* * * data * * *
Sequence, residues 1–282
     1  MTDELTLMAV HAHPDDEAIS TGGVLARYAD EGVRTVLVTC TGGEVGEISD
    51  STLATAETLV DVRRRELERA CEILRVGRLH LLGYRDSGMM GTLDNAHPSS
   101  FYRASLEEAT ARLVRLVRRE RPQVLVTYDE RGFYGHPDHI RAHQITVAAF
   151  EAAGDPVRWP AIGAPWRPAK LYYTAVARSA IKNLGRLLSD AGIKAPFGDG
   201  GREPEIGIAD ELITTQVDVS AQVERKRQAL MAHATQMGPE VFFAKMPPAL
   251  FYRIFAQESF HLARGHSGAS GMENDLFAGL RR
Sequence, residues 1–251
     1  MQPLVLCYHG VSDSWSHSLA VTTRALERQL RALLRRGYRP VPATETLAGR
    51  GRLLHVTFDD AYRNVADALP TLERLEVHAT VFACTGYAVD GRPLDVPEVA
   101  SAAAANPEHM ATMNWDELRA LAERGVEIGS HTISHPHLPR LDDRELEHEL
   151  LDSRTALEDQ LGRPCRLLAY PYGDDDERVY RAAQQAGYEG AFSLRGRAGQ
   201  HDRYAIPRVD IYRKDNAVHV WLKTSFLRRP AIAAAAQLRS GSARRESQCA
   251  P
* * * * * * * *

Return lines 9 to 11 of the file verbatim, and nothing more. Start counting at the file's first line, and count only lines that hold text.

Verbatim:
     1  MQPLVLCYHG VSDSWSHSLA VTTRALERQL RALLRRGYRP VPATETLAGR
    51  GRLLHVTFDD AYRNVADALP TLERLEVHAT VFACTGYAVD GRPLDVPEVA
   101  SAAAANPEHM ATMNWDELRA LAERGVEIGS HTISHPHLPR LDDRELEHEL